Tobias Lindholm’s uncannily elliptical nail-biter follows two of the three involved parties in the hijacking of Danish oil tanker: the ship’s cook—held hostage—and the CEO negotiating for his release. Lurking in the background, redeemed only by their usefulness in an excellent screenplay, are the Somali Other. They brandish the ubiquitous AK-47s and they wander, sing, and listen to the radio, and their English-speaking leader (or spokesman) does the talking.
Lindholm’s aversion to subtitles is totally understandable because of his decision to describe only the predicament of the white parties involved. The complexity of the film grows from the ways in which A Hijacking is, and is not, skirting the most compelling issue its premise begs: what could drive someone to piracy?
The film is intensely focused—so much so that it can’t describe the class war ravaging its principal characters. While Lindholm’s sympathy for the noble CEO, who takes personal responsibility for negotiating his employees out of the hands of pirates, is admirable, the other half of the story belongs to the pirates. That story goes untold.
In the same moments that the subtitles, by their absence, deprive us of the Somalis’ story, their absence roots us powerfully with the hostages. In a game so much about isolation and menacing ambiguity, its easy to see why Lindholm might regard subtitles as cheating. We understand his characters’ isolation intuitively, which adds to the film’s docudrama street cred. A Hijacking has been much lauded, already, for naturalism.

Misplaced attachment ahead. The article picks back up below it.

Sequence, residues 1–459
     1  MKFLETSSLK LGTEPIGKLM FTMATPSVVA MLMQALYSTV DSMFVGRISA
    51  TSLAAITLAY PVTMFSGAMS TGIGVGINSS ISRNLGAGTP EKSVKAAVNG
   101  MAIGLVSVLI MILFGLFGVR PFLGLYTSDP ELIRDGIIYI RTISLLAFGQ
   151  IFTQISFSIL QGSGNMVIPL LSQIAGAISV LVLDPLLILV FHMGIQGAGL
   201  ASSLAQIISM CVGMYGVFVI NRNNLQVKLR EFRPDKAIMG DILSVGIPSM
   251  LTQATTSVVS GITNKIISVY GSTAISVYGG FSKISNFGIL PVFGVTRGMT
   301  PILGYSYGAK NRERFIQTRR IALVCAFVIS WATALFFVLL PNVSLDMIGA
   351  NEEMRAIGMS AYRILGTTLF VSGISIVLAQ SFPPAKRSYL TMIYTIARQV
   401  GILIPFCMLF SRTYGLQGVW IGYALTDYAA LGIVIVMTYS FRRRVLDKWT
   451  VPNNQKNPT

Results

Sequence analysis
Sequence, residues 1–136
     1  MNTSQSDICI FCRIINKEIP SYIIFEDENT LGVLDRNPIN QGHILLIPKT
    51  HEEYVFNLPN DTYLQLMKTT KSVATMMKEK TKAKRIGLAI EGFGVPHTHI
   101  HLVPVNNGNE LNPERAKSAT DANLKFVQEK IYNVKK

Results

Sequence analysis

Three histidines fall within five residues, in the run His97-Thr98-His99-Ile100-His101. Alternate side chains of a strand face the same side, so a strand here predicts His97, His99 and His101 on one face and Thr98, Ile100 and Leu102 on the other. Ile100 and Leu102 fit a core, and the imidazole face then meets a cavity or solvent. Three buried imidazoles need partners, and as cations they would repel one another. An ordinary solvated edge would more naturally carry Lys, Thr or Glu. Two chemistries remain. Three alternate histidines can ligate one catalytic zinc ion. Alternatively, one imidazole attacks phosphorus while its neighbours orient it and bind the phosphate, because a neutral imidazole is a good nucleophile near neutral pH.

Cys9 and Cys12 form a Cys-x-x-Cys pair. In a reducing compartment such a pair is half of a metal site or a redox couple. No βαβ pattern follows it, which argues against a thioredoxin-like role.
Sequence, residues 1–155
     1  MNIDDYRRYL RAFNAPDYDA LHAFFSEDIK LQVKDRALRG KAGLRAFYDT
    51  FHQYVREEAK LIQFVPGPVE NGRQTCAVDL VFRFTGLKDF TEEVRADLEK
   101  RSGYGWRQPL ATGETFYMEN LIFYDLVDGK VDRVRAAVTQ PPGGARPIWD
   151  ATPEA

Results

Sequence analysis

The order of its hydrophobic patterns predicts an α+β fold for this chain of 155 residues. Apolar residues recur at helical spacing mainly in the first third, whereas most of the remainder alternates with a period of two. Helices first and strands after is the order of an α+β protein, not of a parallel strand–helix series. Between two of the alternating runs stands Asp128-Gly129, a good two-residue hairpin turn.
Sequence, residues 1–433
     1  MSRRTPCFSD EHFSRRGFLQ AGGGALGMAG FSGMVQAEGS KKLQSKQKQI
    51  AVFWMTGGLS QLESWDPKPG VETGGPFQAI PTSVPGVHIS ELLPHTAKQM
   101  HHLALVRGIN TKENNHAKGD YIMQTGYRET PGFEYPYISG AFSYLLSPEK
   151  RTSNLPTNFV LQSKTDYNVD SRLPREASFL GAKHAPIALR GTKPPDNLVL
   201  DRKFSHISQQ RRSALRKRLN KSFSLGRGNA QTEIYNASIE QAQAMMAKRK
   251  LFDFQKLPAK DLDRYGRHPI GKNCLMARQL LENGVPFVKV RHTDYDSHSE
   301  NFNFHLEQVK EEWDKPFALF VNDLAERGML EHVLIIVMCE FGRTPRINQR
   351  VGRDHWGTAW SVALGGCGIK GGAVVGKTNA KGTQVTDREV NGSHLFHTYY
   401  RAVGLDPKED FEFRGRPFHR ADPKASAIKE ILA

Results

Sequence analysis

What Lindholm does describe (and he describes it very well) is the despair of the prisoner, and the uniquely corporate phenomenon of the rich being responsible for the poor (or, relative to the on-screen Somalis, less-wealthy) thousands of miles away. Through the grace of simple contrast, (Lindholm’s film takes place in only two locations, the boat and the office) its easy to see the captive workers as helpless indentured servants, thrust into the line of danger while their CEO—also a human being—wanders in and out of air-conditioned offices.
But the film’s interest in negotiation between the haves and the have-nots ultimately ends with its Danes.
It would be criminal not to mention here the goat scene, which speaks volumes by showing how the Somalis are still living in the real world, rather than a constructed one. This is not to separate them from history, but to say that when they are hungry, the Somali pirates know how to slaughter and butcher a goat. By contrast, Lindholm’s protagonist knows how to prepare an omelet and coffee. While this may be a comment, it’s not exactly an exploration.
There’s also that single Somali character who should be mentioned: the pirate spokesman. His irate protests that he is not a pirate, and is not in control, seem to imply just the opposite. Unfortunately, this intriguing beginning to a character turns out to be, also, the end of the character. The protracted milking of his implied duplicity, in the pursuit of more suspense, turns out to be the extent of the character’s “usefulness.”
My point is not to complain loudly about A Hijacking, but to point out another film that still needs to be made. This is not a film about Somali pirates: it’s a moody suspense film with one foot in the art house. Surely, there’s a place for such a film. But if Lindholm is interested, as I think he is, in the vast gulfs between the rich and the not-so-rich, and he’s interested in menacing them both with Somali-pirate-baddies, why not explore the real have-nots?